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Direct observation of membrane insertion by enveloped virus matrix proteins by phosphate displacement.

Neuman BW, Kiss G, Al-Mulla HM, Dokland T, Buchmeier MJ, Weikl T, Schley D - PLoS ONE (2013)

Bottom Line: Enveloped virus release is driven by poorly understood proteins that are functional analogs of the coat protein assemblies that mediate intracellular vesicle trafficking.We used differential electron density mapping to detect membrane integration by membrane-bending proteins from five virus families.This demonstrates that virus matrix proteins replace an unexpectedly large portion of the lipid content of the inner membrane face, a generalized feature likely to play a role in reshaping cellular membranes.

View Article: PubMed Central - PubMed

Affiliation: School of Biological Sciences, University of Reading, Reading, Berkshire, United Kingdom. b.w.neuman@reading.ac.uk

ABSTRACT
Enveloped virus release is driven by poorly understood proteins that are functional analogs of the coat protein assemblies that mediate intracellular vesicle trafficking. We used differential electron density mapping to detect membrane integration by membrane-bending proteins from five virus families. This demonstrates that virus matrix proteins replace an unexpectedly large portion of the lipid content of the inner membrane face, a generalized feature likely to play a role in reshaping cellular membranes.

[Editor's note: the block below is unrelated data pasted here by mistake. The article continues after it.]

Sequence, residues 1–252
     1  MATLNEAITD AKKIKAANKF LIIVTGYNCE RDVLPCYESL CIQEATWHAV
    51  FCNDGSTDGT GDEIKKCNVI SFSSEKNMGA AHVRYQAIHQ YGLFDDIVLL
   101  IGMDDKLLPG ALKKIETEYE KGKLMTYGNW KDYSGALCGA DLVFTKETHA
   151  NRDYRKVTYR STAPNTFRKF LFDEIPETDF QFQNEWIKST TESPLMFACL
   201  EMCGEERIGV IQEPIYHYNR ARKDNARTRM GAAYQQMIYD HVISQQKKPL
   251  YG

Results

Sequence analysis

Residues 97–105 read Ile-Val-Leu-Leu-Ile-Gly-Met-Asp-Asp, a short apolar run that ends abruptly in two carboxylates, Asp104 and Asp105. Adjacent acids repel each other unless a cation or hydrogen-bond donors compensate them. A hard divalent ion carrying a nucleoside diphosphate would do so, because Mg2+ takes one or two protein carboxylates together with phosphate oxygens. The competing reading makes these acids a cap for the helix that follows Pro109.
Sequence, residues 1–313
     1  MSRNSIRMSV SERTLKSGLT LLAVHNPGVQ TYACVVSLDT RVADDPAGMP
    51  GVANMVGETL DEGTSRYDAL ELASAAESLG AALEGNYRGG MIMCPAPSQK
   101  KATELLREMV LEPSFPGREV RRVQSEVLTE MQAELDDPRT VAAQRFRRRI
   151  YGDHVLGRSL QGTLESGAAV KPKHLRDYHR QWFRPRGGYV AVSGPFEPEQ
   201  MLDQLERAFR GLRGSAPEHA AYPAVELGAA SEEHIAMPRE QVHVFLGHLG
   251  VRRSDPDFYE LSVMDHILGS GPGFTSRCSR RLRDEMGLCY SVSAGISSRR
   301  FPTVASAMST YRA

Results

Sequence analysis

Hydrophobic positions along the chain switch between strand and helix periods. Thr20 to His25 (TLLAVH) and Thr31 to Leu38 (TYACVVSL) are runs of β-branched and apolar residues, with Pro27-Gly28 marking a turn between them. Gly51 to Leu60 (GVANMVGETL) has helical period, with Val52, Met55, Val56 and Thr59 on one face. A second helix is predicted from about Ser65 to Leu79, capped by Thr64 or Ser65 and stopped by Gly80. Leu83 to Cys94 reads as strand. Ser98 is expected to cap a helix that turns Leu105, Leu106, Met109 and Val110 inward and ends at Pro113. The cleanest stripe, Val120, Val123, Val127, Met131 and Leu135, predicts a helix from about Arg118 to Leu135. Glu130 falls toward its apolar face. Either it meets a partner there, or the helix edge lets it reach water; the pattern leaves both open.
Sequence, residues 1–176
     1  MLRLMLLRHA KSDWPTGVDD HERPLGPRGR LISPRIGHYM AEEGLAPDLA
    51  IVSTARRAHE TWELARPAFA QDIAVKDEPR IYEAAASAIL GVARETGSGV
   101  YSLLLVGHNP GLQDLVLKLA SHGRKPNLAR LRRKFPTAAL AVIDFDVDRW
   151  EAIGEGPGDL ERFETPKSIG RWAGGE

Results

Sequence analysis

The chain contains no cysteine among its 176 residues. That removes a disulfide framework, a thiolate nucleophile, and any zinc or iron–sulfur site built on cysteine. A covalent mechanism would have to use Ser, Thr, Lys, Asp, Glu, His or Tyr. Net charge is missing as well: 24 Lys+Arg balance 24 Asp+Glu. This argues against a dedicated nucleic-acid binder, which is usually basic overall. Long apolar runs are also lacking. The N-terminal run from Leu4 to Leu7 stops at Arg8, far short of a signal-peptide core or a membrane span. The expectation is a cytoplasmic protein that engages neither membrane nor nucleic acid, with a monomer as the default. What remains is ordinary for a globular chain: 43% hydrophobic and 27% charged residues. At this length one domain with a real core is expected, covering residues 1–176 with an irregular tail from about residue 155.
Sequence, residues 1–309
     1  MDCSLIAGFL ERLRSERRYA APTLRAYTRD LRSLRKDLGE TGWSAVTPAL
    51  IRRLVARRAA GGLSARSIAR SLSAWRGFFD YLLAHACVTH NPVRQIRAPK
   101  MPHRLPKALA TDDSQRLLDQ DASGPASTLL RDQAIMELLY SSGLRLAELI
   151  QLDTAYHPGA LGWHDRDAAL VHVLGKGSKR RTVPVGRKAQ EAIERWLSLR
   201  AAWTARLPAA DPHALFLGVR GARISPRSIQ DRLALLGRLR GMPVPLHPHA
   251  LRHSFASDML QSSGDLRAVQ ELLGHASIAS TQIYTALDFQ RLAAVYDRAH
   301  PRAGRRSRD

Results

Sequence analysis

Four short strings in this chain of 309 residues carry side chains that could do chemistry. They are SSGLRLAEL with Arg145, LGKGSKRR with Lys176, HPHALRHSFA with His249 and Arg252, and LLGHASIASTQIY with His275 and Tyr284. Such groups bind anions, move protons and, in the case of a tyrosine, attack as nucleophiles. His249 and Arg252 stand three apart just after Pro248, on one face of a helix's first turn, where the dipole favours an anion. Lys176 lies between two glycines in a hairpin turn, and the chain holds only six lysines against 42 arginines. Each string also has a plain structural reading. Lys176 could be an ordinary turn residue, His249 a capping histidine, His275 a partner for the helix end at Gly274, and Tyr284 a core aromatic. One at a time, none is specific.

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Lipid phosphate is displaced in the presence of viral matrix proteins.Relative electron microscope signal intensity is shown on the vertical axis with average background intensity marked by a gray triangle. The horizontal axis represents radial distance from the midpoint of the membrane. The boundaries of the inner (In) and outer (Out) membrane phosphate rings measured in this study are shown for viruses (black), empty vesicles (blue) and virus-like particles that contain surface glycoproteins but lack a visible matrix layer (GP vesicles; red). Approximate positions of the nucleoprotein (core; 3MX5), matrix (2KO5) and glycoprotein (3KAS) structures in arenavirus particles are shown as a reference. P-values relate to comparison of inner phosphate ring signals with viruses as described in the Methods section. Comparisons are omitted where GP vesicles were not available. Virus names are abbreviated as follows: Lymphocytic choriomeningitis virus (LCMV), Junin virus (JUNV), Pichinde virus (PICV), Tacaribe virus (TCRV), Porcine respiratory and reproductive syndrome virus (PRRSV), Feline coronavirus (FCoV), Mouse hepatitis virus (MHV), Severe acute respiratory syndrome coronavirus (SARS-CoV), Influenza A virus (FLUAV), Influenza B virus (FLUBV), Murine leukaemia virus (MLV).